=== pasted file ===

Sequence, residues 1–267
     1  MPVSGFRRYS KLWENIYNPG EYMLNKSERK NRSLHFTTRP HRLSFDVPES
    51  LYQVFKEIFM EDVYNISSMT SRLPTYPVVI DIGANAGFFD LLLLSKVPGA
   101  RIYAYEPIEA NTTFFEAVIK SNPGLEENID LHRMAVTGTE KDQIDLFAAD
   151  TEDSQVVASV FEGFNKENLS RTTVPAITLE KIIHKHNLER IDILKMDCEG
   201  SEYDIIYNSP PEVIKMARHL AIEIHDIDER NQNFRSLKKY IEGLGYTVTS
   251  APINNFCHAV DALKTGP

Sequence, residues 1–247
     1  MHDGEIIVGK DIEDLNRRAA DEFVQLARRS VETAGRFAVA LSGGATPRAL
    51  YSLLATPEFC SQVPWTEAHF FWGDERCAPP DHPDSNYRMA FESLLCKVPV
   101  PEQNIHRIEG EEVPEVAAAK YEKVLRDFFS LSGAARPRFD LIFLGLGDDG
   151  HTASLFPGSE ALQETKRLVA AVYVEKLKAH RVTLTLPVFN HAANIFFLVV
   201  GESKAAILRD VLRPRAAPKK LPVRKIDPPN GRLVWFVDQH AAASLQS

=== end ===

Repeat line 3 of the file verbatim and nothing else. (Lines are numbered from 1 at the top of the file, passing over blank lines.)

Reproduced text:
    51  LYQVFKEIFM EDVYNISSMT SRLPTYPVVI DIGANAGFFD LLLLSKVPGA